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AQUAS — Result In Brief

Project ID: 15105
Funded under: FP6-SUSTDEV
Country: Spain

Designing more environmentally sustainable fish farms

The relationship between aquaculture and water quality is a two-way street, each one affecting the other, sometimes positively, sometimes negatively. Fortunately, a European research initiative is shedding some light on these murky waters.
Designing more environmentally sustainable fish farms
Aquaculture is one of very few industries experiencing growth in these difficult financial times. Care must be taken to ensure that it doesn't outgrow its welcome as environmental impacts such as red tides and eutrophication continue to damage its reputation.

Aquaculture is inexorably tied to water quality, yet little is known about this complex relationship. EU funding was allocated to investigate this aspect in the context of the 'Water quality and sustainable aquaculture: links and implications' (Aquas) project.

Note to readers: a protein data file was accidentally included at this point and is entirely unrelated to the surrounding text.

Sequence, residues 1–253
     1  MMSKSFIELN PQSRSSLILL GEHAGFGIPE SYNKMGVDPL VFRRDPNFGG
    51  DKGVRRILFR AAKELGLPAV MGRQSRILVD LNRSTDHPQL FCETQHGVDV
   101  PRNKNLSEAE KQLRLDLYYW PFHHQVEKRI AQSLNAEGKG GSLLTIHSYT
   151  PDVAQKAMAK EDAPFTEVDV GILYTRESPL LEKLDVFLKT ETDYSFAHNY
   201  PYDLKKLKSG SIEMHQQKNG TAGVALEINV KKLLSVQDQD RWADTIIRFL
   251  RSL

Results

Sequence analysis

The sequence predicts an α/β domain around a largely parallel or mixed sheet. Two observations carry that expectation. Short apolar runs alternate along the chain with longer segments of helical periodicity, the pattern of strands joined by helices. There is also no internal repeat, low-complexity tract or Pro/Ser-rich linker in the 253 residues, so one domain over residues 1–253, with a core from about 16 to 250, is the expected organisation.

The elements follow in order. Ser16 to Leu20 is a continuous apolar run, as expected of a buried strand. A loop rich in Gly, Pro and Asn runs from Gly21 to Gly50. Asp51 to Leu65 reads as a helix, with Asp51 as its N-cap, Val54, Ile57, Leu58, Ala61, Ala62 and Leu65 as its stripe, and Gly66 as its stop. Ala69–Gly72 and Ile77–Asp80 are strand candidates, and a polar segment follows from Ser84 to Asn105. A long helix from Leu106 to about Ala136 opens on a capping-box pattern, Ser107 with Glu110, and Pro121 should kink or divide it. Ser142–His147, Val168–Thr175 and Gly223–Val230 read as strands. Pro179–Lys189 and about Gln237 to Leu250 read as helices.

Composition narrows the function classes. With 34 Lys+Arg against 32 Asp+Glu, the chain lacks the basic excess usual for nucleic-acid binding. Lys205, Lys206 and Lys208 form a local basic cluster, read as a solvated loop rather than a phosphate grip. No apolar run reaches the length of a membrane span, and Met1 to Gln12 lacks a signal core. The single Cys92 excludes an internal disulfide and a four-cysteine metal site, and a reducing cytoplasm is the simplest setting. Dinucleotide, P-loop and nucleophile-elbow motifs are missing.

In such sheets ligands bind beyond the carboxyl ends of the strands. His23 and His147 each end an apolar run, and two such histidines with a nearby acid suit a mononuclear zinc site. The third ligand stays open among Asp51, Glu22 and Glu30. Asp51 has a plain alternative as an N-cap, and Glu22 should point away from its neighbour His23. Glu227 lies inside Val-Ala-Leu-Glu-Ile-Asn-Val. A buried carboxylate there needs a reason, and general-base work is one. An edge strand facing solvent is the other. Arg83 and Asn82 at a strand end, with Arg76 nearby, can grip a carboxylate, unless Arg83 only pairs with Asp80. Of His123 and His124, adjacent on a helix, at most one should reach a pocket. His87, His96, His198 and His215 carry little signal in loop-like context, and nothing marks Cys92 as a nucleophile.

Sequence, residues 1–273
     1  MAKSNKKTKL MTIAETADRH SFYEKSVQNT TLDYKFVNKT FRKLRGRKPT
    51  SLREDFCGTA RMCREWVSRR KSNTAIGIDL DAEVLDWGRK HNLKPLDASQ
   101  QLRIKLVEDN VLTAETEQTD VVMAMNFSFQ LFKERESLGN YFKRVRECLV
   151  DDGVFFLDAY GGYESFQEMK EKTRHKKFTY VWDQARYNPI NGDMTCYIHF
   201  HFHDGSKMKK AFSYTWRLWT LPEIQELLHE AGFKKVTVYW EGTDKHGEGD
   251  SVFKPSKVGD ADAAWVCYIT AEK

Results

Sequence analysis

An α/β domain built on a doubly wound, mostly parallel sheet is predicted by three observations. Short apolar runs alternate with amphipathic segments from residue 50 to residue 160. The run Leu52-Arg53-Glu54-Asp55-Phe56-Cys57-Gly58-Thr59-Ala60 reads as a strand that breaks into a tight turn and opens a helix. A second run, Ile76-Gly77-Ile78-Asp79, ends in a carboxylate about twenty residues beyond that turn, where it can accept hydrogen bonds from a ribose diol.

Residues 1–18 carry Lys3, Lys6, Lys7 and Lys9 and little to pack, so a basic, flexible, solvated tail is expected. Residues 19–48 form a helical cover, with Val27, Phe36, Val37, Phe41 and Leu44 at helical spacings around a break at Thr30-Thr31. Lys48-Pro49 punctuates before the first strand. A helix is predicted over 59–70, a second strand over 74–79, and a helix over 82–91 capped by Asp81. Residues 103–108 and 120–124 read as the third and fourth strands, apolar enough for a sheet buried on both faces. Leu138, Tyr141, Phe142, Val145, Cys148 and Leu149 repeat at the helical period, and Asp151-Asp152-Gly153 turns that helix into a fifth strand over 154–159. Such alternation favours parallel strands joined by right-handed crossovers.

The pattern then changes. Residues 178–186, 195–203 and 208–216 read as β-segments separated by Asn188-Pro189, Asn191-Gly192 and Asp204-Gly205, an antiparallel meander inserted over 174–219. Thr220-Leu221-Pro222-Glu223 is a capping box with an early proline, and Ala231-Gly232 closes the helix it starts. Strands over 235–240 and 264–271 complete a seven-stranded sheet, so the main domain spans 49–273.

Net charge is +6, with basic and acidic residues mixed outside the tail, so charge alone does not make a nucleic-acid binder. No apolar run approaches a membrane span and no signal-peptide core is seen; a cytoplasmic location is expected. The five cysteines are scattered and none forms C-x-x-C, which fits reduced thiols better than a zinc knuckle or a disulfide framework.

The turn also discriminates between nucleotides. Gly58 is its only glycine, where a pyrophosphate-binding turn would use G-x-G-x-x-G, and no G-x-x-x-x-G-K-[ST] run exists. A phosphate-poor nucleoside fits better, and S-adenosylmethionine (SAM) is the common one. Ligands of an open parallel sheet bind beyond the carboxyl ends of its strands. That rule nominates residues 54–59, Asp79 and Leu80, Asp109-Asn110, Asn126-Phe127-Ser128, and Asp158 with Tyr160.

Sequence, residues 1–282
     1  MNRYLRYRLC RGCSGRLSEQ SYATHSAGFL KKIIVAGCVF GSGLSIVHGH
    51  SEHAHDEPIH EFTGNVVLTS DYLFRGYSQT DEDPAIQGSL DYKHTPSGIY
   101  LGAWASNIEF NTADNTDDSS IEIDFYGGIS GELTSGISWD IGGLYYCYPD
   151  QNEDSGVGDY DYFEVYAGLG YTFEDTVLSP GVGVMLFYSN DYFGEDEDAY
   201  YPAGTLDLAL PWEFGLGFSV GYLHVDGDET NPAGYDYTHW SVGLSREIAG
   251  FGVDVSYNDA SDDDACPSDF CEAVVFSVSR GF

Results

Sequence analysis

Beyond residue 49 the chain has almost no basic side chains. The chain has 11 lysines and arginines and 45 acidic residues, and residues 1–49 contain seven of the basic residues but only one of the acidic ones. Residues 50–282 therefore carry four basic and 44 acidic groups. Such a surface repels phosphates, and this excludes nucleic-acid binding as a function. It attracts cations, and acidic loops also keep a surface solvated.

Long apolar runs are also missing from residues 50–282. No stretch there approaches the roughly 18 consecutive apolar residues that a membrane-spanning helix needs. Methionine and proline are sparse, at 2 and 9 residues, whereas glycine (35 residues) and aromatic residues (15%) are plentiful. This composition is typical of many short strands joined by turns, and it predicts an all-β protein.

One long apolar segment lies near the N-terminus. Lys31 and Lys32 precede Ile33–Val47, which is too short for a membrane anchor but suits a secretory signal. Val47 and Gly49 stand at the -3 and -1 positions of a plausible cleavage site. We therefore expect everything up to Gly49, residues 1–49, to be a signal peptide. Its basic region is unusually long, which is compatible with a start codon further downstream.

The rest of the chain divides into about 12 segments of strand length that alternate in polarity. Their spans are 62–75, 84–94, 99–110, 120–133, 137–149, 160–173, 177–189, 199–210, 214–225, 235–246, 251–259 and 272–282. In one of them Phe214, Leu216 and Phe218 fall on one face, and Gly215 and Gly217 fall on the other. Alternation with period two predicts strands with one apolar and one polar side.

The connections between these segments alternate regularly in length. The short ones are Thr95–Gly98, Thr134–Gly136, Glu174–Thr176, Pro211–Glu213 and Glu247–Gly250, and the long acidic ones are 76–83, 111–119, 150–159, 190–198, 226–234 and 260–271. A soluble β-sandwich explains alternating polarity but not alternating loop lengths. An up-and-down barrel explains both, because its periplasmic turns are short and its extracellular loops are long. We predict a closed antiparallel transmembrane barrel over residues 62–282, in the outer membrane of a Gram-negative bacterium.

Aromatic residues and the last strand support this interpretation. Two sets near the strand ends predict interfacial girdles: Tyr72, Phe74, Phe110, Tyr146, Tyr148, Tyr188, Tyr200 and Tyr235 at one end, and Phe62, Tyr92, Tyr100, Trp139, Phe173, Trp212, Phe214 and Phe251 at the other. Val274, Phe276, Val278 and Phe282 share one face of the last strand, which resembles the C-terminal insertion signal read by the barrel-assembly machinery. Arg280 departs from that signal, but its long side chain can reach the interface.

The give-and-take relationship between aquaculture and water quality was studied at three sites where different types of fish and shellfish are farmed. Not only were water and sediment samples analysed for a number of parameters, but weather, wave and financial data were also collected.

Extensive assessment of the data, including numerical simulations, led to a number of important recommendations for sustainable aquaculture. For example, species density should be minimised in order to avoid disease and thereby eliminate the need to introduce antibiotics to the system. Overfeeding is another common mistake. Better food management can not only prevent unnecessary nutrient accumulation in the vicinity of the fish farms, it can also save the fish farmers' money.

In terms of guidance for the future, legislation at the regional, national and international levels could also be better aligned. In addition, while environmental surveillance programs (ESPs) may already be in place in some regions, they could be better coordinated with respect to harmonised data collection and their geographical coverage extended.

Efforts to improve water quality not only benefit the environment and the local ecosystem, they also help improve the productivity of actual fish farms.

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